“This is life and death — and I just want to give myself all the advantages that I can, and I just hope other people feel that way too. And hopefully a story like this will empower people that you just can’t wait,” she said.
Concern about misinformation
Morales, based in New York, said that she felt strongly that her grandparents, who live in Florida, should get their Covid-19 vaccines.
Her mother’s father, 87, and her mother’s mother, 85, were diagnosed with Covid-19 over the summer, she said, and her family does not want to go through that again.
“His case was much more severe than my grandmother’s. It was a very scary time,” Morales said. “Thankfully, they both recovered.”
As soon as vaccines became available in Florida, Morales said that her mother, Dellonilda Padrón, who lives near the grandparents, worked on getting their vaccinations scheduled.
Dellonilda told CNN on Monday that her father still has not received the vaccine but she was able to make an appointment for her mother to get a first dose at Leon Medical Center-West Chester in Miami.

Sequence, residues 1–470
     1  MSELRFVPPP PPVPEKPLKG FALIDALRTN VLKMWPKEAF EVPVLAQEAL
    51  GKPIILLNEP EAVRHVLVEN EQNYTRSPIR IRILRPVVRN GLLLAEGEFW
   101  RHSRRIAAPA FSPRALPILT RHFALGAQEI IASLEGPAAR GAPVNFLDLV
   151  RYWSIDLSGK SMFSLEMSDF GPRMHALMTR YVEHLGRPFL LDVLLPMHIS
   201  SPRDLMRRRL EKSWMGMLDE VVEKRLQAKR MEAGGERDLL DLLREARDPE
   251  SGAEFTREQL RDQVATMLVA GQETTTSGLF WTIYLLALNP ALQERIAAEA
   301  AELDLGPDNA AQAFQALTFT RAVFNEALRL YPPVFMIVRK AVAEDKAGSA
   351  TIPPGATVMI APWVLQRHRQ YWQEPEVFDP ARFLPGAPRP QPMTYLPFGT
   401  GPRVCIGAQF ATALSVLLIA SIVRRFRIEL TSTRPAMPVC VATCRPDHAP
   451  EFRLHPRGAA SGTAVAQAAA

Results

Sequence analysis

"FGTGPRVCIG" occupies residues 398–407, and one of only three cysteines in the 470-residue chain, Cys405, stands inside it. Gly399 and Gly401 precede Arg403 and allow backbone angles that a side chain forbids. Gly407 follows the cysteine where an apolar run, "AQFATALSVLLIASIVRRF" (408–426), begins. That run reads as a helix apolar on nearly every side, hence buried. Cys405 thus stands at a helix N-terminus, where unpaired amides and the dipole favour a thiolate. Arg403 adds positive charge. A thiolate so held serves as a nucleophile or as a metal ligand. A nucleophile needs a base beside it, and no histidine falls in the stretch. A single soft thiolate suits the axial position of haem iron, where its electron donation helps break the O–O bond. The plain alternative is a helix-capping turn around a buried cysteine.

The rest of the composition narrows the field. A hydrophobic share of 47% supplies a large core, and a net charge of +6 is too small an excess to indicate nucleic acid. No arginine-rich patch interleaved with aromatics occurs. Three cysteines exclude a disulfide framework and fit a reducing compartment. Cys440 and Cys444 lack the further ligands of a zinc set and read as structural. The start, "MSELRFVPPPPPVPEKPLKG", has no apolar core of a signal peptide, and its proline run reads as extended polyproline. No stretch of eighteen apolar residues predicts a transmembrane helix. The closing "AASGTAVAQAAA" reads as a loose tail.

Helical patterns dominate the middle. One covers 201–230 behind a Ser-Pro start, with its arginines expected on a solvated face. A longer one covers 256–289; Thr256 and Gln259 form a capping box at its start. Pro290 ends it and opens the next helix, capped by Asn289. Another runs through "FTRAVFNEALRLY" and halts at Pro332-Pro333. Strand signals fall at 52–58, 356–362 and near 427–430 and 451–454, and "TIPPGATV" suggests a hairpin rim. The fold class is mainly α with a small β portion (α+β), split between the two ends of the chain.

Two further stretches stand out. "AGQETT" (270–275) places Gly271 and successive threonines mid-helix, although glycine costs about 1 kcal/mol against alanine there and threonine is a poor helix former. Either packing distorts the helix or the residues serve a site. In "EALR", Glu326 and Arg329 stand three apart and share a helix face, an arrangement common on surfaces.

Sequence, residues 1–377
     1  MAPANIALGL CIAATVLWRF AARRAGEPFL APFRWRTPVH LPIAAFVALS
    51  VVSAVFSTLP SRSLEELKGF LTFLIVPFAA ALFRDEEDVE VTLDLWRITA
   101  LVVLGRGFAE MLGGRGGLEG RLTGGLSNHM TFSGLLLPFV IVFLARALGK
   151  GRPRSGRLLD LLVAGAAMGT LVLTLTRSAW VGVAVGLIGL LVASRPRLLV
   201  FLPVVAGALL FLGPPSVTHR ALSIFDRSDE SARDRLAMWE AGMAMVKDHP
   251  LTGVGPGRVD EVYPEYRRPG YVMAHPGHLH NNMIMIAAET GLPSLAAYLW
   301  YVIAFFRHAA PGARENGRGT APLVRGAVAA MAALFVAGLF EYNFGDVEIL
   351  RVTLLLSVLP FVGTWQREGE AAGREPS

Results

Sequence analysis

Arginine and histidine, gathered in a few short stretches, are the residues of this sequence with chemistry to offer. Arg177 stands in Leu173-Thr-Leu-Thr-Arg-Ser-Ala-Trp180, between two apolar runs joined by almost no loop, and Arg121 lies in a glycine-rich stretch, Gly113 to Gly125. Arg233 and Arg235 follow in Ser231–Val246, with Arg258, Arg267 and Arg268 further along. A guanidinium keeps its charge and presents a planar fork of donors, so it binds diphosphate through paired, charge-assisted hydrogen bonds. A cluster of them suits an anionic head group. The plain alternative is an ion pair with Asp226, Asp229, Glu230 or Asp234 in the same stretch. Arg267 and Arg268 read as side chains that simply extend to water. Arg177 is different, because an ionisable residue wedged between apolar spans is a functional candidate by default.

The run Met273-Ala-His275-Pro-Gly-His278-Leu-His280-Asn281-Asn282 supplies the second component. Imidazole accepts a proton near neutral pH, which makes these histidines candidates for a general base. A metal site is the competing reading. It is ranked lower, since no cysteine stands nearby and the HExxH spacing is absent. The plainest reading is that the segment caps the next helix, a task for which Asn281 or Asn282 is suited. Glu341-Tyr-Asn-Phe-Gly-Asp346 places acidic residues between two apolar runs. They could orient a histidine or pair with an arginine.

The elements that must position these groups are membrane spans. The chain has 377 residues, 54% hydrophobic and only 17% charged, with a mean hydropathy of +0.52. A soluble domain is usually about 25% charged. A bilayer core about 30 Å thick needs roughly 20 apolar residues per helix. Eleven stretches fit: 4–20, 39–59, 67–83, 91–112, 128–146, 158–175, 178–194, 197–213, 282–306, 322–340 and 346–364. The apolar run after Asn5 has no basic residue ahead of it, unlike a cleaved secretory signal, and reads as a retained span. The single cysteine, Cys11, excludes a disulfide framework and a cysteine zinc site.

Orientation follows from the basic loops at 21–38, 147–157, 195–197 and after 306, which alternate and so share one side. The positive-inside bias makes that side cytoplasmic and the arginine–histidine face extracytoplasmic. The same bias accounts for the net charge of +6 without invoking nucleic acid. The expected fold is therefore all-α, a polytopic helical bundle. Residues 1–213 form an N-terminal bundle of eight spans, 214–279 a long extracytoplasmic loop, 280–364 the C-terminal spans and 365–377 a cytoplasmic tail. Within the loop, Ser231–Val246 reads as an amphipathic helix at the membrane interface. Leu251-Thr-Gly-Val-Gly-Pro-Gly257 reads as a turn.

Her mother, Rosario Estela Padrón, received a dose of the Pfizer/BioNTech vaccine and was scheduled to return to the medical center in 21 days to receive her second dose.
“She was supposed to get the second one on the third of February,” Dellonilda told CNN on Tuesday. But Dellonilda said that when she called the medical center to confirm the time of her mother’s second-dose appointment, she was told that there were no vaccine doses available.